“We work closely with customers to thoroughly test solutions before making any recommendations,” Kozlowski says. “When we receive designs and specifications from the customer, we go through an extensive evaluation process. We begin with theoretical testing and modeling. We identify potential products that meet application requirements and calculate the effects of installation and the expected performance. If our theoretical tests are successful, we move to practical tests. We work with customers to source base materials and test the performance of the sealing products in the alloys the customer will be using in final production.”
Any plug that relies on friction and outward pressure to form a seal will apply stress to the base material. To minimize stress and maximize seal performance, there are limits to how thin a port wall can be to maintain its integrity during plug installation and subsequent pressurized operation. According to Kozlowski, “Installations in applications with wall thicknesses that are less than 65% of the bore diameter can be achieved, but they require special consideration.”
Application engineers often conduct destructive tests on base alloys to identify the physical limits of the sealing product and the base materials. Destructive tests that take materials to their limits help engineers understand and optimize long-term reliability of sealing solutions. This is important because a leaking seal, especially across an entire product line, can lead to increased warranty costs for automakers.
Engineers also must consider production costs in their specification process. Scrapping components damaged during seal installation adds time and material costs, so low-stress expansion seal technologies can reduce waste by lowering scrap rates.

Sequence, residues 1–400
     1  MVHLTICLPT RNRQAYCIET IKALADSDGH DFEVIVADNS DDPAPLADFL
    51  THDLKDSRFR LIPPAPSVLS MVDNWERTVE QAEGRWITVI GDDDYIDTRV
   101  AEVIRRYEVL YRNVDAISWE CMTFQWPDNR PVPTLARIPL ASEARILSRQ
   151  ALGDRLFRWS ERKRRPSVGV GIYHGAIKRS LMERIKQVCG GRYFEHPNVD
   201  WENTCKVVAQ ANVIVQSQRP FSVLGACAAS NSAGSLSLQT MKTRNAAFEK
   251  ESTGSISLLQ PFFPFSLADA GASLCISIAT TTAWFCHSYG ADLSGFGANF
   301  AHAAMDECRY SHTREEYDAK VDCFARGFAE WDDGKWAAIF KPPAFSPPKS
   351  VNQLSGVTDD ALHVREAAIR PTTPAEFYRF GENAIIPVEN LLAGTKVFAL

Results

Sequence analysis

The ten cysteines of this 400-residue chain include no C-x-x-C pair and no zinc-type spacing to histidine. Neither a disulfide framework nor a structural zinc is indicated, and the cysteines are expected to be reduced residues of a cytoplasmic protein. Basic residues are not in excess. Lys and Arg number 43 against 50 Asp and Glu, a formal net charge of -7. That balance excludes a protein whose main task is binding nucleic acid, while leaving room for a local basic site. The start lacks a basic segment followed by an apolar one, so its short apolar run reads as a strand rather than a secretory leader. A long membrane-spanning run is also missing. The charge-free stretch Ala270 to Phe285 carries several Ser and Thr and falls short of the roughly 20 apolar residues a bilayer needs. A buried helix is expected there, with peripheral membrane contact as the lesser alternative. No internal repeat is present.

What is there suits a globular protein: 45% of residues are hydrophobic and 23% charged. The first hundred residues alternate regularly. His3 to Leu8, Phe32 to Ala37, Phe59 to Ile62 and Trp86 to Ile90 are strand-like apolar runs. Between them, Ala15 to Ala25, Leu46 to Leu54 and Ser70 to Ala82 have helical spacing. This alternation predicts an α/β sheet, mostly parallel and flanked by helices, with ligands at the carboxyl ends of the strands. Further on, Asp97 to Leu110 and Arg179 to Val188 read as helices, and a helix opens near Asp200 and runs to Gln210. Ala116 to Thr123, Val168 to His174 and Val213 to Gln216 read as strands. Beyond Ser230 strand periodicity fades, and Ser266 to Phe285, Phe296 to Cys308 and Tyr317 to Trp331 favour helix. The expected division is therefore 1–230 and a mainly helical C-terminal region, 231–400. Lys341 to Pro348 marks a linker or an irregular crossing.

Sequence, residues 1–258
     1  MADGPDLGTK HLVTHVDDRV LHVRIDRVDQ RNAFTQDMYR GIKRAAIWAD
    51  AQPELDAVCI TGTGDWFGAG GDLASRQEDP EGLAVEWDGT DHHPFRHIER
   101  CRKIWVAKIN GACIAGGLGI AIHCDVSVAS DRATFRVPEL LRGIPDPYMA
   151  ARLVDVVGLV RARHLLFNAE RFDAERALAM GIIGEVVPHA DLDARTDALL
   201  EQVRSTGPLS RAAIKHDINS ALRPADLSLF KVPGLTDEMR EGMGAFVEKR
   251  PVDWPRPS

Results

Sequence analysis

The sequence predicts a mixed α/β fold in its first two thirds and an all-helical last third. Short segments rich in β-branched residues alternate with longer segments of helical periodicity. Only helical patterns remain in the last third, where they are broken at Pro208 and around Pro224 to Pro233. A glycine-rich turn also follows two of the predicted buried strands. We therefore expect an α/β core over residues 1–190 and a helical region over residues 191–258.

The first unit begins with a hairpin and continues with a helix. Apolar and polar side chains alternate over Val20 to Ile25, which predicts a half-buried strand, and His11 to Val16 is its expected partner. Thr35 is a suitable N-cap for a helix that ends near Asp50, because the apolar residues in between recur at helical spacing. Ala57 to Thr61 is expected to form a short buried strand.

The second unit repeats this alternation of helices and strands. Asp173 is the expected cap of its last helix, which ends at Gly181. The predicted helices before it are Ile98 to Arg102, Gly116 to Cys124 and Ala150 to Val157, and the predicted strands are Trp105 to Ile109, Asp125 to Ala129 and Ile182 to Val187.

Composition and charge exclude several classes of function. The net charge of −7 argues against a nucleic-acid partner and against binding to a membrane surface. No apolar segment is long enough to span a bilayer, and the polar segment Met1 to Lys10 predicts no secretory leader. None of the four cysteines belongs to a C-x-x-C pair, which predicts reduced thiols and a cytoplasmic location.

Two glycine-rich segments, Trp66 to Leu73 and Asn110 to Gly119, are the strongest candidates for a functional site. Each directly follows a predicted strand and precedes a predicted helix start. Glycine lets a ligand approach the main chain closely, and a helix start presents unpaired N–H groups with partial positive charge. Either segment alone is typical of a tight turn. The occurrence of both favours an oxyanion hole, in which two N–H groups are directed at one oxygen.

One-piece plugs arrive ready for installation with a flexible tolerance range up to 0.12mm for pull-style expander plugs and up to 0.10mm for push-style plugs. While advanced sealing technologies typically cost more per part than the traditional cup, ball, and screw methods, costs are offset by the reduction in waste and production time.
“The No. 1 objective of all sealing methods is providing a reliable, leak-proof seal,” explains Kozlowski. “While our expander plugs provide a variety of benefits in lightweighting projects, at the end of the day, it’s all about seal effectiveness and reliability. KOENIG EXPANDER plugs have a field failure rate of less than one part per million (ppm), with more than 3 billion parts installed.”
Advances in sealing technology and the ongoing development and re-engineering of the smallest system components contribute to success in modern vehicle lightweighting and space-saving programs. As engineers continue to collaborate to find the best methods of designing and manufacturing assemblies with lightweight alloys and compact designs, automakers can expect to achieve the goals of reduced emissions, energy conservation, and optimum vehicle performance.